During the Autism assessment the paediatrician asked a lot of questions about the pregnancy and first two years of his life. It makes me feel pretty bad because it is all a bit of a blur and to be honest he cried a lot, I found it hard to play with him (he still has limited attention span), and can’t really remember much mother-baby communication (apart from a smacking of his lips kind of clucking sound when he wanted feeding).

The paediatrician could not have been lovelier for the duration of the Autism assessment, asking how I’d coped with 4 boys (especially since I had been breastfeeding both of the youngest 2 at the same time). I did remember how empowered I had felt when our little Sensory Seeker was a baby, especially when I did not give up and let people tell me that my breastfeeding was the cause of his weight loss.

She reassured us me that his behaviour was not down to parenting, and nor did she believe that he was suffering from a developmental delay (although I’m sure I would prefer this to be the case so he could catch up I just know it not to be true). That they had enough experience to be unpick the complicated nature of his behaviour and see which boxes he ticks, and categories he falls into. That actually, mainly due to his language developmental delay, he may end up diagnosed as something now, and then a few more years down the line reassessed and re-diagnosed. That the important thing was to establish what help would suit him best right now. The thing is I know this Autism assessment will question his imaginative play and language delay coupled with just how bright he can be – which conflicts an Autism and Aspergers diagnosis. He may still remain undiagnosed.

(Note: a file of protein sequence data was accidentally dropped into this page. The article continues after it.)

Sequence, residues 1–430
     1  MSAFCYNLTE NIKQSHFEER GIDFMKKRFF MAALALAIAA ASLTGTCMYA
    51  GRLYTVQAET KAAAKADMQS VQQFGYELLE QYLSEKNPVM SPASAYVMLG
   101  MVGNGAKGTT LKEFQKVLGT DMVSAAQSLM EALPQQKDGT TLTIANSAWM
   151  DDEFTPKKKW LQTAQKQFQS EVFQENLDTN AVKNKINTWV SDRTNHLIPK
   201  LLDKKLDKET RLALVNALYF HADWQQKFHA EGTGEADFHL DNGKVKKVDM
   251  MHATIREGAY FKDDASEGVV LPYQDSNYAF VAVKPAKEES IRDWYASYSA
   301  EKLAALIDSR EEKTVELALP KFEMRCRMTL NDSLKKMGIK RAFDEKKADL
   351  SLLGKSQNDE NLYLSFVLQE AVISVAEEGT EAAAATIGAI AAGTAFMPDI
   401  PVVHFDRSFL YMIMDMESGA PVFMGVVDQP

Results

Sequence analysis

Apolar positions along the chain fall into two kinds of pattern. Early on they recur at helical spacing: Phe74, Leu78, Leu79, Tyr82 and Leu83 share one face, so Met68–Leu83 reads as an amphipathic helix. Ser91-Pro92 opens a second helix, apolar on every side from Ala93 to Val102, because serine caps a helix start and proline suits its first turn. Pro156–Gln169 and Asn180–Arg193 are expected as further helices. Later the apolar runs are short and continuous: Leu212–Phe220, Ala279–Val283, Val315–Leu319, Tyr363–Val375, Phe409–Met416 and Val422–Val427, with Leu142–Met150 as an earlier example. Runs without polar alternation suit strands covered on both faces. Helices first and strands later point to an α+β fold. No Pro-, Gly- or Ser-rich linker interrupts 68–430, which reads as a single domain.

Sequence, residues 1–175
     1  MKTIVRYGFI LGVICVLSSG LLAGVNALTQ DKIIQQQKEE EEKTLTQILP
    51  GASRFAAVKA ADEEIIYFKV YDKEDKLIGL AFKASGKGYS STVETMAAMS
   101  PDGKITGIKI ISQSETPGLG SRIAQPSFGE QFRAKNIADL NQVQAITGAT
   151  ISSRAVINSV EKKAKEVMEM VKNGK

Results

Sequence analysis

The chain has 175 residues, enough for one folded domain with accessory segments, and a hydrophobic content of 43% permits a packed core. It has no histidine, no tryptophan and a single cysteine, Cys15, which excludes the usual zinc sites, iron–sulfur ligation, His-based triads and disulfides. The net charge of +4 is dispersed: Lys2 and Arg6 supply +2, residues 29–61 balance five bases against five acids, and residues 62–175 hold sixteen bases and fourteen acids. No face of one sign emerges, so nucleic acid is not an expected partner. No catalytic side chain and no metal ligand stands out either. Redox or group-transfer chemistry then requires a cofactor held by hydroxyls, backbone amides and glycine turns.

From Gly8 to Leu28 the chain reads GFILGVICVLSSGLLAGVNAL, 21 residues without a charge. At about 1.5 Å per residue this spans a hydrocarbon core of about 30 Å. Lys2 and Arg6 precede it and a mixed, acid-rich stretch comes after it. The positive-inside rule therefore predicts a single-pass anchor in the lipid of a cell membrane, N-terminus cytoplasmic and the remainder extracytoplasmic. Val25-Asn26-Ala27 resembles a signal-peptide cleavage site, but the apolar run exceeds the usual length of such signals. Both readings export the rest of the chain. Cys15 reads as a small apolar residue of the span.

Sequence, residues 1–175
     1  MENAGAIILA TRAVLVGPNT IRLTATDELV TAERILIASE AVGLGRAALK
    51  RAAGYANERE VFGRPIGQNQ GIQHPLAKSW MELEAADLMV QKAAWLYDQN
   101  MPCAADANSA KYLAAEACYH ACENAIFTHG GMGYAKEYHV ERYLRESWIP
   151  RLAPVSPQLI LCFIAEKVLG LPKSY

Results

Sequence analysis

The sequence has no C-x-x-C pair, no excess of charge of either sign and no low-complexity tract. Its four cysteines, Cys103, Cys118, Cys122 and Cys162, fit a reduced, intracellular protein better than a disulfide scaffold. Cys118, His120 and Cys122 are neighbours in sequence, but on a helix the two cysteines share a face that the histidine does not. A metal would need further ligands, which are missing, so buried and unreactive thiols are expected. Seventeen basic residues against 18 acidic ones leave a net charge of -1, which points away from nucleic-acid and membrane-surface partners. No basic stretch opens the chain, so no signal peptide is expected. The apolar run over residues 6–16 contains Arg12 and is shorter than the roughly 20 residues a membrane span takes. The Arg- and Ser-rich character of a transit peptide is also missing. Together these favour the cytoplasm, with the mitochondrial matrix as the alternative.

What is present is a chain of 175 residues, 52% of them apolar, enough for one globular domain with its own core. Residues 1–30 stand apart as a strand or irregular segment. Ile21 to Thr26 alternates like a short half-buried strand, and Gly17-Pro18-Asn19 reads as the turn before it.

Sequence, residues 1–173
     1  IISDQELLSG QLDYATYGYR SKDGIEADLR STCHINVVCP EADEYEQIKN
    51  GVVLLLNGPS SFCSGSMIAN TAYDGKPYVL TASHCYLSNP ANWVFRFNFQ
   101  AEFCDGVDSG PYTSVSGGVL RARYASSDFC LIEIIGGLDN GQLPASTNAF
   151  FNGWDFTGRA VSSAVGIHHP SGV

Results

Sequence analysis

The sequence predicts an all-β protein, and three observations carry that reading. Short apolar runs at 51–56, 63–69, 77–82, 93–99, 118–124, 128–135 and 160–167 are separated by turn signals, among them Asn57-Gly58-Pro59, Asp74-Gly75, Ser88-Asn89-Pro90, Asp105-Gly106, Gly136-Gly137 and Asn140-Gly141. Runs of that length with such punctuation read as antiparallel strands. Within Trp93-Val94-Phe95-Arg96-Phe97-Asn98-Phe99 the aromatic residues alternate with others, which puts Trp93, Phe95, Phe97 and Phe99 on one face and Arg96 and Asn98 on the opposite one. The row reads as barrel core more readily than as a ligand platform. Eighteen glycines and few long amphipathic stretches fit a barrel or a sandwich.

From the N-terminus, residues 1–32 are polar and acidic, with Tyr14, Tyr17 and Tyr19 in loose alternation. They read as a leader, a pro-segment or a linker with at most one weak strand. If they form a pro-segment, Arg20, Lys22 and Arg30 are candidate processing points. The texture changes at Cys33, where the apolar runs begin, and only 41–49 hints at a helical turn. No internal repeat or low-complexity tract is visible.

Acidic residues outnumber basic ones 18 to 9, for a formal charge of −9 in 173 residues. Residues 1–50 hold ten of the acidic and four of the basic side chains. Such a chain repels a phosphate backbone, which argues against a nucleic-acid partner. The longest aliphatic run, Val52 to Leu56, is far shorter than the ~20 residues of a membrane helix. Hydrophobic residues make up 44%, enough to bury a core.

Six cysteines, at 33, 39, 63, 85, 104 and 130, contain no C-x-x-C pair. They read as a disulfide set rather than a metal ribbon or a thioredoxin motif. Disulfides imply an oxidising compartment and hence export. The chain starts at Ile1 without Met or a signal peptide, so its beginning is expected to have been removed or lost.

Autism Assessment – Different view points

There’s always a worry that people do not see what we see – and I am sure I can say we here and it’s not just me. So it was reassuring that at the end she went and spoke to the language therapists, who took part in the Autism assessment, they described him (and the way he plays) exactly as we just had. What that all means I do not know.

I know the paediatrician has arranged a meeting with the school next month – so there will not be any answers until after then. But things are coming along well. His one to one support is looking after him well, and I can see he is popular among some of the children. I saw a couple of boys doing this special ‘tickle’ thing our boy does yesterday to him.

Autism assessment - school help with visual aids regardless of a diagnosis

Every morning we go in and we look at his visual book together. His one to one shows him the picture of what he is going to do and then he finds it in his book and puts it on the next page, then the next picture, then the next – until he can see what he is doing for the whole day. His one to one has copies of the pictures and together they pin them to a wall in the book corner. As the day goes on, and the activities are done, she takes them away. This means he can see what is left to come, and sort of a judge of how much of the day is left. I take the book home and we can then ‘discuss’ what he has done at home. I’m finding he is getting more and more patient with it all, a clear sign his attention span is developing too.